Recently, I flew to Fairbanks, Alaska, round-trip from Kansas City, Missouri. My trip was booked last minute using frequent flyer miles on Alaska Airlines.
From Kansas City, I had only one connection in Seattle to reach Fairbanks, Alaska. My return trip was a little more complicated.
My return from Fairbanks began on Alaska Airlines flight #62, which departs at 6 am. Originally I was scheduled to fly flight #62 from Fairbanks to Juneau, Alaska, with a stop in Anchorage. From Juneau, I had a four-hour layover, to then connect to a flight from Juneau to Seattle.
When I arrived in Juneau, I realized that the airport was a tiny place to spend a 4-hour layover. During a quick catch-up call with my Alaska-born husband, he said,”Why don’t you ask if you can change to stay on flight #62 to Seattle? It gets in earlier, so you’ll have more time to connect to your Kansas City flight.”
I checked with the gate agent. There was space available, so she agreed to change my ticket. I headed back onto Alaska flight #62 for a departure to Seattle, with stops in Sitka and Ketchikan.
Flight 62 is what is known as a “milk run,” or a scheduled flight with many stops.
Due to the lack of roads, many towns in Alaska are reliant on air service.
Flight 62 is one of the daily Alaska Airlines flights that hop between towns in Southeast Alaska, delivering passengers and important supplies, including milk. The flight leaves Fairbanks at 6 am each morning, with scheduled stops in Anchorage, Juneau, Sitka and Ketchikan before a scheduled arrival in Seattle at 4:04 pm.
While I’ve traveled in Alaska many times, I’d never been to Sitka. It was snowing heavily as flight 62 landed on the single paved runway at Sitka Rocky Gutierrez Airport (SIT).
Alaska Airlines asks passengers who are not departing in Sitka to stay on the aircraft, to allow for a quicker turn and departure to Ketchikan.
The Sitka airport is on a causeway that juts off Japonski Island. The overhead picture (from the FAA) shows the airport on a sunnier day.
The next stop for Alaska flight 62 was at the Ketchikan International Airport (KTN.)
The airport is located on Gravina Island, just west of Ketchikan on the other side of the Tongass Narrows.
Since there is no road access between Ketchikan and the airport on Gravina Island, tassengers must take a seven-minute ferry ride across the water to get to the town from the airport, and vice-versa. The ferry departs Gravina Island (where the airport is located) every 30 minutes for Revillagigedo Island (where the city of Ketchikan is located.) In 2005, a proposed bridge to link the city of Ketchikan and its airport became the object of national attention that labeled the project the “bridge to nowhere“. The bridge plan was scrapped in 2007.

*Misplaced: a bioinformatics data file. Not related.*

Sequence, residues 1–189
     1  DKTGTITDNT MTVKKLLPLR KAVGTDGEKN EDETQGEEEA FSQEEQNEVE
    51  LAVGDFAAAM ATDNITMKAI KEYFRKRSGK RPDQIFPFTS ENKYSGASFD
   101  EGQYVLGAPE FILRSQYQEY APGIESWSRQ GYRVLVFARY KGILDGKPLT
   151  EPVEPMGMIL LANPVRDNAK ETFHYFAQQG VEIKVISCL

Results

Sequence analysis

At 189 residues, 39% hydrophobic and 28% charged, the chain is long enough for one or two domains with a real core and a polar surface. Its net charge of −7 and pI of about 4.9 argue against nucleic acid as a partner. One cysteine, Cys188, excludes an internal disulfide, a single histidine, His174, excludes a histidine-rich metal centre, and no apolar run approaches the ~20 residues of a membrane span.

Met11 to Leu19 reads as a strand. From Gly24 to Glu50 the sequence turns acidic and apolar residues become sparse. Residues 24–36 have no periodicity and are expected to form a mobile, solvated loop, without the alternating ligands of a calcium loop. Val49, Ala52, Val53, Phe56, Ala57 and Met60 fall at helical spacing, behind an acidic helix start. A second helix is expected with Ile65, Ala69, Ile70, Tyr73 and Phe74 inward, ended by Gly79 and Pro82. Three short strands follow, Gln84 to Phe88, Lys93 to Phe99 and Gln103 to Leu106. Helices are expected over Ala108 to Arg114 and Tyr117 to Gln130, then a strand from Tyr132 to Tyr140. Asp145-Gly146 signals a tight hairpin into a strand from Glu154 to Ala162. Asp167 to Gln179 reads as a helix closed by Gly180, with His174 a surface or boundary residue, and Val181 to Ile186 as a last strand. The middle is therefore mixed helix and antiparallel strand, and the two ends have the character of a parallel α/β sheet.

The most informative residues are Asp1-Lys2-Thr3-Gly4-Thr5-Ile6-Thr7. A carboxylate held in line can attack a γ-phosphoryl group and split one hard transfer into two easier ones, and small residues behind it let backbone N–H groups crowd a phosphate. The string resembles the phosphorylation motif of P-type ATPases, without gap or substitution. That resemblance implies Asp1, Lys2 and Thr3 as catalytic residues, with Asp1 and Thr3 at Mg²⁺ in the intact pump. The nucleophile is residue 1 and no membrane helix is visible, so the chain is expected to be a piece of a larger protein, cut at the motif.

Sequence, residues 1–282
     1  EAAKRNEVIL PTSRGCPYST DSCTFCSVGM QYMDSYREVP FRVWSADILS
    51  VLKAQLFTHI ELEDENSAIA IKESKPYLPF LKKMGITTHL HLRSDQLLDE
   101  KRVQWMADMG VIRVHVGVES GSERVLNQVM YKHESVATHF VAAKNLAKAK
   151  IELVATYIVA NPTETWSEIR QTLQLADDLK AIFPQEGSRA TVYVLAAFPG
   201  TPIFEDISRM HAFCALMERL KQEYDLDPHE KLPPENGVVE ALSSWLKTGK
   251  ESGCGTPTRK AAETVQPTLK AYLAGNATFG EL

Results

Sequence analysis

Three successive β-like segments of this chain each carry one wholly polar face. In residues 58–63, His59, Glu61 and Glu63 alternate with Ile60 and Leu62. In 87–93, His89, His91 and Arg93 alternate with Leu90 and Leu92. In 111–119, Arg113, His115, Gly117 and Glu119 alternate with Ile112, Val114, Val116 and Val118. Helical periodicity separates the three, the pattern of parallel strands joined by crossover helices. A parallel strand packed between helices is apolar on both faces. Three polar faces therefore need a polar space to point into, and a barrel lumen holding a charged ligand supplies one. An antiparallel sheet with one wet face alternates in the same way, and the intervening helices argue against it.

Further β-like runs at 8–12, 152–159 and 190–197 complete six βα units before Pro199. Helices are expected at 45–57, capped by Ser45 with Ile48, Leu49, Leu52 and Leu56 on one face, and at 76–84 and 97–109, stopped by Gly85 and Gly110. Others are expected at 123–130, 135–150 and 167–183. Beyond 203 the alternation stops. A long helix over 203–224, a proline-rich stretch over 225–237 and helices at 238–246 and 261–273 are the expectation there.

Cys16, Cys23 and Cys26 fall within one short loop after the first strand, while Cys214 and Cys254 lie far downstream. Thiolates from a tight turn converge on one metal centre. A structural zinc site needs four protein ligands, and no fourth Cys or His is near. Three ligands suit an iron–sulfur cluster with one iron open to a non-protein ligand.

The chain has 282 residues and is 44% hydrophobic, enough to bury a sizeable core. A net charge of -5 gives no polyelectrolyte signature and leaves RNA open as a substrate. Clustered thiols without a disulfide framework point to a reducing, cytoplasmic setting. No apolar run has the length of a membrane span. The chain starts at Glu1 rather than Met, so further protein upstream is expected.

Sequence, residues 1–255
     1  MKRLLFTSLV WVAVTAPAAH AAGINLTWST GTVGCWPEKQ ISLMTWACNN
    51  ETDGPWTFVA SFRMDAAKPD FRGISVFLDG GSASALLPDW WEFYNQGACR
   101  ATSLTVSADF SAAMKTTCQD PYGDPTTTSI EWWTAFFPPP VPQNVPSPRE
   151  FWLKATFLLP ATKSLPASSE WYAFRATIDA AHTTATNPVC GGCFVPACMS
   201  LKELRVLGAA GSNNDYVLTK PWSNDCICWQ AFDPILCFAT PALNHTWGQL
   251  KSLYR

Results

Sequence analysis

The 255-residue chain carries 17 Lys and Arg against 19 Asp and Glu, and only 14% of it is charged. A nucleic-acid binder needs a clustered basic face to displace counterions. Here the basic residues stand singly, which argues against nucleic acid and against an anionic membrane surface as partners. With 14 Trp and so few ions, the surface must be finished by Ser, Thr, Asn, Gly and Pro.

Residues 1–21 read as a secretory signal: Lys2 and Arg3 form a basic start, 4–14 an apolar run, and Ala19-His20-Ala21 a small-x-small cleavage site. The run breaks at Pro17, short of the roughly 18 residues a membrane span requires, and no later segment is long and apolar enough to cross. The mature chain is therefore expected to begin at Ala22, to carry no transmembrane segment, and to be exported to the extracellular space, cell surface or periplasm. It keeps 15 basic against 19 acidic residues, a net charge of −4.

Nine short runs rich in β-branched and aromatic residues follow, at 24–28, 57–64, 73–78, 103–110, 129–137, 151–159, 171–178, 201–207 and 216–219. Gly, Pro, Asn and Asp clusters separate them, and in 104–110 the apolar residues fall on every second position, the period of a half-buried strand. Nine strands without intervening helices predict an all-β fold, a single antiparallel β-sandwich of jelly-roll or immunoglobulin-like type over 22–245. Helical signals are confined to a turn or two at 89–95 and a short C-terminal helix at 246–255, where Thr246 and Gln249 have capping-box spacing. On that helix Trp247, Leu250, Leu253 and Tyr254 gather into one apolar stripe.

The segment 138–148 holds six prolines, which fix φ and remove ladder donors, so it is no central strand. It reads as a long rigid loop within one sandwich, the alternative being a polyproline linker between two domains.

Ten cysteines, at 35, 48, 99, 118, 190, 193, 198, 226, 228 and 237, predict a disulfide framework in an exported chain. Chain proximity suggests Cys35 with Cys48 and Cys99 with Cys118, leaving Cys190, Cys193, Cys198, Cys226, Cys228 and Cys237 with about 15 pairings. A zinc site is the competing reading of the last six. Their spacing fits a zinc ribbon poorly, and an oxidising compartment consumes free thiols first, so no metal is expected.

From Ketchikan, Alaska Airlines flight 62 departs to Seattle, Washington. The scheduled flight time is 1 hour and 46 minutes. Once in Seattle, I was glad to stretch my legs and walk around a bit. My connecting flight to Kansas City, Missouri was delayed slightly, putting me into MCI (Kansas City International Airport) around 12 midnight. Even considering the 3-hour time change, I had flown for 15 hours. By comparison, scheduled flight time from Chicago to Hong Kong is only 50 minutes longer.
It was a fitting finale to my trip to Fairbanks, which was to attend the memorial service for my friend and former boss, Michael Noel Wien who passed away unexpectedly. Mike was a proud Alaskan, a world traveler, and the grandson of Noel Wien who pioneered Alaska’s first commercial flight service when he began flying mail routes between Fairbanks and isolated communities in 1923.
Flight 62 is just one of six Milk Run flights on Alaska Airlines.
- Flight 61: Seattle (7:50 a.m.)-Juneau-Yakutat-Cordova-Anchorage (1:54 p.m.)
- Flight 66: Anchorage (3:35 p.m.)-Cordova-Yakutat-Juneau-Seattle (11:10 p.m.)
- Flight 64: Anchorage (11:40 a.m.)-Juneau-Petersburg-Wrangell-Ketchikan-Seattle (8:35 p.m.)
- Flight 65: Seattle (7:55 a.m.)-Ketchikan-Wrangell-Petersburg-Juneau-Anchorage (3:08 p.m.)
- Flight 62: Fairbanks (6 a.m.)-Anchorage-Juneau-Sitka-Ketchikan-Seattle (4:04 p.m.)
- Flight 67: Seattle (3 p.m.)-Ketchikan-Sitka-Juneau-Anchorage (9:22 p.m.)
Note that all even-numbered flights are southbound flights, while all odd-numbered flights are northbound flights.
Learn more about Alaska Airlines Milk Run flights in this article on the airline’s blog “The Milk Run is a hop, skip and a jump along Southeast Alaska’s coast.”
After my “milk run” flight in Alaska, I read about a similar frequent-stop flight on United Airlines between Honolulu and Guam. Described as United’s Island Hopper, United flight 154 takes 15 hours as it makes five stops, flying the route HNL-MAJ-KWA-KSA-PNI-TKK-GUM, or Honolulu-Marshall Islands-Kwajalein Atoll-Pohnpei Island-Micronesia-Guam. Michael Spelfogel wrote this review of the Island Hopper flight experience.
Have you made a ‘Milk Run’ run flight? Please share.
Check out some of our other posts on Alaska:
- A Winter Walk in Fairbanks, Alaska
- Packing for a Winter Trip To Fairbanks, Alaska
- 24 Fun Facts About Fairbanks, Alaska
- 20 Fun Facts About Juneau, Alaska
- 17 Fun Facts About Kodiak, Alaska
- 12 Fun Facts About Dutch Harbor, Alaska
- Visiting Alaska? 22 Fun Facts You Might Want to Know
- 21 Fun Facts About Ketchikan, Alaska
- 28 Fun Facts About Anchorage, Alaska